FISHING Fishing has been the most important activity in coastal areas for a long time. In recent years, however, the number of fish has reduced in several stretches of water, because the fishermen use trawl -nets. These nets, in fact, catch all kinds of fish, even those that you do not eat but are important because they are the food for other fish. Furthermore trawlnets damage algae growing on the seabed. Also sea pollution caused the death of many fish. Only the Adriatic Sea is still quite fishy.

ferries for the transport of people and for the connection to the islands fishing boats used by fishermen to fish off the coast

TOURISM Tourism is one of the most important activities along Italian coasts: many people visit the coasts or spend their holidays there because the beaches are really beautiful and there are hotels, campsites, restaurants, beaches and amusement parks.

April 2013 Galileo Galilei, 1C

Karst caves in Italy Italy is full of beautiful caves of great speleological and tourist interest. Most of them are karstic. The most important caves in Italy are: Pertosa caves Castellana caves Zinzulusa caves Frasassi caves The Giant cave Toirano caves Stiffe caves The wind cave Witches caves

KARST The term "karst" shows the processes of dissolution and corrosion of the rock, by an aggressive chemical agent, such as rainwater. It, acidified by carbon dioxide, enters the ground melting the rocks and forming underground cavities. The dissolution phase alternates a constructive phase, in which the water droplets evaporate, releasing inside the caves deposits of insoluble calcium carbonate that form concretions called stalactites and stalagmites, depending on the water to evaporate before or after drip onto the ground.



Pertosa caves

The Pertosa Caves (Italian:Grotte di Pertosa) are a karst show cave system located in the municipality of Pertosa, in the province of Salerno, Campania. The caves, also named Grotte dell'Angelo as many Italian voids in honour of St. Michael, are extended also in the territories of Auletta and Polla. They are situated by the eastern side of Alburni mountains, 263 m above sea level, along the left bank of the river Tanagro. Due to the presence of the river, the caves are rich of water and, after the main entrance, there is an underground lake.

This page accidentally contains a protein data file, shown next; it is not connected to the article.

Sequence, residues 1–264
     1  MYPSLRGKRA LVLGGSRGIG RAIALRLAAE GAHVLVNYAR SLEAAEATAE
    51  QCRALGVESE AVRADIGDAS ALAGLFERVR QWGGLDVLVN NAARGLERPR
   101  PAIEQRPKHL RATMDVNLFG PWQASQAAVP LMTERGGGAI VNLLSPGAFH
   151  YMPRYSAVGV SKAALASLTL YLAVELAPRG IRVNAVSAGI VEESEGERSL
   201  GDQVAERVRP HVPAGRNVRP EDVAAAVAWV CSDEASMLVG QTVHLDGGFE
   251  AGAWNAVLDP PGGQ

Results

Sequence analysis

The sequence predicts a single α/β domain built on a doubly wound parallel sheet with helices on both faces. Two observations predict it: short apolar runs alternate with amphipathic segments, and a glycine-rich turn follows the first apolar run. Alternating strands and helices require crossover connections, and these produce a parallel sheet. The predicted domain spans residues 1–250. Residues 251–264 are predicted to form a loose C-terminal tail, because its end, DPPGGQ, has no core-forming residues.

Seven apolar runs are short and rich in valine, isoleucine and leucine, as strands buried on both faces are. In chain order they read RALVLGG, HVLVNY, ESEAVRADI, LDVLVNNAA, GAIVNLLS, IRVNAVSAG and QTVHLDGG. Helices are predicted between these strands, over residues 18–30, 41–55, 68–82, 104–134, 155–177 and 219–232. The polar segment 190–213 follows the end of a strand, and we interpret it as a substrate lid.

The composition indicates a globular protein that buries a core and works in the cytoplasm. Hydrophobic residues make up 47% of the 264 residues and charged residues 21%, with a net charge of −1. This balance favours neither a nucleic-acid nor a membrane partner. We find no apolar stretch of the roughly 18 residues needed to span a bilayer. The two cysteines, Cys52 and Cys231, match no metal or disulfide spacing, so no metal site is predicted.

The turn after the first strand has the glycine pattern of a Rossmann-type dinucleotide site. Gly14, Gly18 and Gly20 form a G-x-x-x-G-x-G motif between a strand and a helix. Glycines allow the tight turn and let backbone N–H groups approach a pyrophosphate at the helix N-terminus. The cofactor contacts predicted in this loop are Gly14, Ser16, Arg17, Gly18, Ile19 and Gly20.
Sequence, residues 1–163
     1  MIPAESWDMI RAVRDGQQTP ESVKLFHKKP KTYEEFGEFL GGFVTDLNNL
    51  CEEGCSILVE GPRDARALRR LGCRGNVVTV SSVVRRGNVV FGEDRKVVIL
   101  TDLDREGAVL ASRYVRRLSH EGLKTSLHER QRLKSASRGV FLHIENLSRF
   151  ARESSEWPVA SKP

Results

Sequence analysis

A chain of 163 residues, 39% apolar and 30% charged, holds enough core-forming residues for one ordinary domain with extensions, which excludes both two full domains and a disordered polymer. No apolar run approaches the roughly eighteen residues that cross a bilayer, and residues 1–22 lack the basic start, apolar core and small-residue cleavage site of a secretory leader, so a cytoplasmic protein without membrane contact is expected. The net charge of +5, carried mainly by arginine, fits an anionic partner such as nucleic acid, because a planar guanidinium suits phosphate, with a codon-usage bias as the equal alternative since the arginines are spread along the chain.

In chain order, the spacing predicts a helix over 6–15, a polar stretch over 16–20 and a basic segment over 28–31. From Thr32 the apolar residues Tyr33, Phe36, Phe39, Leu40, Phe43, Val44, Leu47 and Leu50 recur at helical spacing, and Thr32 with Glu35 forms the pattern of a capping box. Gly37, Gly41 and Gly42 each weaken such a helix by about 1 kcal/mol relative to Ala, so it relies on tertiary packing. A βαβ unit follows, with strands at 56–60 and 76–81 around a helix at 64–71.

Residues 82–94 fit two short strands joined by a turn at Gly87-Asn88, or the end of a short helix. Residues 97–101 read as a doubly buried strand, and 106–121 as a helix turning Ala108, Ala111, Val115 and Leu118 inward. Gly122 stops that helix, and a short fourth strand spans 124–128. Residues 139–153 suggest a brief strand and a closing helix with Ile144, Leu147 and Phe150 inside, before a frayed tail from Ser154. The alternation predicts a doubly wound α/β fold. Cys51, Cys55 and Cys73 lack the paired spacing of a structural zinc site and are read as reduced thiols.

Castellana caves The Castellana Caves (Italian. Grotte di Castellana) are a remarkable karst cave system located in the municipality of Castellana Grotte, in the province of Bari, Apulia. They are one of the most famous show caves of Italy.

The entrance is represented by an enormous vertical tunnel 60 meters (200 ft) long. The main cave is named "La Grave" (as abyss),[and others are named Black Cavern (Caverna Nera), White Cave (Grotta Bianca) and Precipice Cavern (Caverna del Precipizio

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Zinzulusa caves The Zinzulusa is a natural cave which is located along the Salento coast between Castro and Santa Cesarea Terme, Apulia. Surrounding waters are equipped for bathing, and much appreciated for their cleanliness and clarity. The name of the cave

comes from the dialect word "Zinzuli", rags, and is caused by karst formations, especially stalactites hanging from the ceiling, as if they were rags hanging. The formation of the cave, which took place for sea erosion, is led back to the Pliocene period. In the past it was inhabited by a large number of bats, which had covered the cave with their guano for more than five meters.